It is inconceivable having been in France
not to try a real French Roquefort cheese with a blue mold. According to many fans and experts, this cheese is special!
Why? The point here is both in appearance and in the taste, and most importantly - in the peculiarities of production and some of the «
secrets and subtleties... »
In appearance the Roquefort
cheese is the cheese of round shape, with white shiny crust, a bit damp. Incising we shall see the oily flesh with small cavities formed in the cheese by the very same famous blue mold.
Most of this cheese lovers agree that it tastes like a hazelnut, and the smell too. Although some compare the smell of Roquefort to the one that prevails at the time of autumn leaf fall ...
But experts will tell us that the real Roquefort
has 2 main shades: a pronounced odour of sheep's milk and unobtrusively easy moldy smell. The taste of Roquefort
, by the way, is different depending on the «
location» of the block of cheese in different places. Thus, the most flavourful taste is at its centre, (because that is where most of the mold is). The less pronounced taste is closer to the crust. And that is why the Roquefort
is cut so that each slice contained both the external part of the block and the average one. And well, the crust should also be! According to tradition you have to eat a slice starting with fresh edge moving to a spicy one.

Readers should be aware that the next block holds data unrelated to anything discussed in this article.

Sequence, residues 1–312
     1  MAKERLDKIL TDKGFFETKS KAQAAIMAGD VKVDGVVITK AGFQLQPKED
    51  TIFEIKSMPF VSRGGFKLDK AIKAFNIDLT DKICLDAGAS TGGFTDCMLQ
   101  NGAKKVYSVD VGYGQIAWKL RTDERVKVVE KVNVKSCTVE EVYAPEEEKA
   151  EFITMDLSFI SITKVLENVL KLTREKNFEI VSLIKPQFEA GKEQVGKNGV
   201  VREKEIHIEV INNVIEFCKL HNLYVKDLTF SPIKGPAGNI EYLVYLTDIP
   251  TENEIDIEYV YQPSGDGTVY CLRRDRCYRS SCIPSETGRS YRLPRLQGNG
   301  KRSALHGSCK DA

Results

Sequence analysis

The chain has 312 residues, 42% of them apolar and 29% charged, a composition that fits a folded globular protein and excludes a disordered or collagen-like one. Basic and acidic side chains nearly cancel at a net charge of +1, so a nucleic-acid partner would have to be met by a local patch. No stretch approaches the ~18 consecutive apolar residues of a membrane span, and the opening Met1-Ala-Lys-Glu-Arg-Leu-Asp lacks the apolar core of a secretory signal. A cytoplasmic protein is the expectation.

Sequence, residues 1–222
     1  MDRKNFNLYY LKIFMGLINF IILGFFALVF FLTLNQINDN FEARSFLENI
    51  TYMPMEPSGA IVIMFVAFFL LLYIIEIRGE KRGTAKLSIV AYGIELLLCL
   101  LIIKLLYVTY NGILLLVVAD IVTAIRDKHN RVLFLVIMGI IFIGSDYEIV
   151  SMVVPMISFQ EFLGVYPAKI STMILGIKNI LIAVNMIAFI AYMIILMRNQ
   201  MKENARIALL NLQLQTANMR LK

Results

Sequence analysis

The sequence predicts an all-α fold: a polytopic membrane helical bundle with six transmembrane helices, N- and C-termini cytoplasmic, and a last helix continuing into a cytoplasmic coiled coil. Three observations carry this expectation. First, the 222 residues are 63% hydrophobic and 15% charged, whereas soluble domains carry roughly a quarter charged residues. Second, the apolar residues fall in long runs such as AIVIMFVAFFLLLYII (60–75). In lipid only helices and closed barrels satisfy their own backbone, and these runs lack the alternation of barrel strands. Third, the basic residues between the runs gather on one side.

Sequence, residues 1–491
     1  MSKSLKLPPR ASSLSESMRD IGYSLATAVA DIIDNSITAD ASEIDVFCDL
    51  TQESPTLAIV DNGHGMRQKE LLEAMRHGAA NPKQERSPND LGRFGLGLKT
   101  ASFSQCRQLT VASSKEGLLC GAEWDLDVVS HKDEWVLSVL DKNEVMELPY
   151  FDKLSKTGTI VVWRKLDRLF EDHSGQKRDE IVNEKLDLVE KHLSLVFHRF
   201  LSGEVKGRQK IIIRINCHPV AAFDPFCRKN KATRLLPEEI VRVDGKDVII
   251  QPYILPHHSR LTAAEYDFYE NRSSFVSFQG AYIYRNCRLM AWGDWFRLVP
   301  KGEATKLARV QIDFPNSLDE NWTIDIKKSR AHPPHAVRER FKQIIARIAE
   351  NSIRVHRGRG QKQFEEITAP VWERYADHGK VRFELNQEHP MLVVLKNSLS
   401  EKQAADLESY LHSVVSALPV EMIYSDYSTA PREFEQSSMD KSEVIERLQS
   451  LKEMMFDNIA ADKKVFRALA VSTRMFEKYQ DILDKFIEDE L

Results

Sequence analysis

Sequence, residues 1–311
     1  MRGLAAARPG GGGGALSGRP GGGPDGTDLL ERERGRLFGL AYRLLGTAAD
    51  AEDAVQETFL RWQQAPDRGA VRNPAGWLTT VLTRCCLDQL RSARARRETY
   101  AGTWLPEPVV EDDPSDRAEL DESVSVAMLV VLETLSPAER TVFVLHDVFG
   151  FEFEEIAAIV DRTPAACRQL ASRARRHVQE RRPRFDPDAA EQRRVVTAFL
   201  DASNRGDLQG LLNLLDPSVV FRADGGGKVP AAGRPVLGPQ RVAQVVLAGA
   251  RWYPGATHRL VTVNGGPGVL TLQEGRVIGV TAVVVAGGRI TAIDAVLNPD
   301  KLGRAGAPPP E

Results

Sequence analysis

Now a little about the history and production of this «delicious» French «attraction»
In 1411 King Charles VI issued a decree which gave the right to make Roquefort cheese exclusively to the residents of the town of Roquefort
The local masters-cheesemakers made this cheese from the sheep's milk (and continue this tradition). At that during the grazing the animals were not allowed to drink a lot of water - then their milk became more fat.
The milk was heated to 26 degrees and then added the rennet (from abomasum, i.e. the part of stomach of 5-6 month old lambs). After exactly 1.5 hours the acidified milk was heated to a separation of cheese curd and whey. Having drained the latter they cut the curd into small pieces and laid them in special forms. These forms are the same – their diameter 21 cm, height - 8.7 cm.
And how does the famous mold get in the cheese? It's simple - at the bottom of each form moldy bread crumbs are put. And a little more crumbs are put on the curd before closing the form for cheese ripening. It was already rubbed with salt in and pierced with long needles the form so that the mold spread evenly. (There are about 60 such punctures in each block of cheese!)
Next, it is a matter of time: the aging of cheeses is held in the caves of the Combalou mountain.
Currently, there in specially extended grottoes with the volume of about 90 thousand cubic meters 16 thousand tons of Roquefort is ripening per year.